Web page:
China may postpone the implementation of Euro IV (State IV) emissions standards for diesel vehicles for a third time – from July 1, 2013 to July 1, 2014, according to recent media reports.
China has been trying to implement Euro IV for years, and there are plenty of reasons why.
First is the environment. An executive from a truck manufacturer recently pointed out at an industry forum that in 2009, 80 percent of State III vehicles emitted 20 percent of total vehicle emissions, while 20 percent of State I and II vehicles emitted 80 percent of total vehicle emissions.
Second is energy safety. China’s dependence on foreign oil reached 56.6 percent in 2011. Heavy-duty vehicles take up half of the fuel consumed by the auto industry.
Third is technical improvement. Major engine and commercial vehicle makers in China are preparing for Euro IV solutions. Another delay would waste development work of these companies.
Fourth is market consolidation. The enforcement of Euro IV will eliminate marginal players and low-end products, which is crucial for a healthy and consolidated heavy-duty truck industry.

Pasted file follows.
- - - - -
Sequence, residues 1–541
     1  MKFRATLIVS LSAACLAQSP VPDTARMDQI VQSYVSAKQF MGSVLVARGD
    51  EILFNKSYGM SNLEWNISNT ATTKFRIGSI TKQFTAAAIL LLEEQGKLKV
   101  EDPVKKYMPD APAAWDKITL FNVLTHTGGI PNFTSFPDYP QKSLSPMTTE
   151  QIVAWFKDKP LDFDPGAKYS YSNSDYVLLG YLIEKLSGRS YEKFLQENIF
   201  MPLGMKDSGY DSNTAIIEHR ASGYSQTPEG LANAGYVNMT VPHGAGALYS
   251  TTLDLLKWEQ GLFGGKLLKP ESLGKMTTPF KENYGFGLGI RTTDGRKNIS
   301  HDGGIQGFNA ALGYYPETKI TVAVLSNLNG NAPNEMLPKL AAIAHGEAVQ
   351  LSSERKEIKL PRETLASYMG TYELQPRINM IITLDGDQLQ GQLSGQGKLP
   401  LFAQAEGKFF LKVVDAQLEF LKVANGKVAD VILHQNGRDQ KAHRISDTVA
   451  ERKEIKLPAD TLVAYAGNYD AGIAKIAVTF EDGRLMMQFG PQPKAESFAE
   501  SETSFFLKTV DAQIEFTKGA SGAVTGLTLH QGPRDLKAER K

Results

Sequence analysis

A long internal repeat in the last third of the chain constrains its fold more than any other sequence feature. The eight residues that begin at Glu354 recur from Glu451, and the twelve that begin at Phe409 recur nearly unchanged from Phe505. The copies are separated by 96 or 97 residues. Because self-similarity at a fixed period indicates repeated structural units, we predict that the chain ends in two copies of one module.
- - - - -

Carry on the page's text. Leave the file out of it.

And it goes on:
However, while the government has pressed ahead the industry to move up the emissions standards ladder for years, opposition rising from market realities has been equally strong:
The most important factor is substandard fuel quality. Many places in China are still supplying Euro II fuel and only a few central cities can supply Euro III fuel. A big reason for this phenomenon is that the government approval cycle of supplementary equipment required for the upgrading of diesel takes more than 20 months and all oil refineries cannot be rebuilt in the same time frame.
Second, budget and volume generic vehicles take up the bulk of the heavy-duty truck market and their owners and operators are extremely price sensitive. A Euro IV vehicle will cost on average ¥10,000-¥30,000 ($1,587-$4,761) more than a Euro III vehicle.
Third, the infrastructure for AdBlue is not adequate and need to be improved in China, which also affects the implementation of Euro IV standards.
China has a wonderful history of delaying automotive policies and regulations, the Euro IV delay is one of many examples. Although the industry needs to advance through tougher rules and regulations, market realities must be considered for any regulation. A one-size-fits-all regulation without striking a right balance among different stakeholders will almost never work.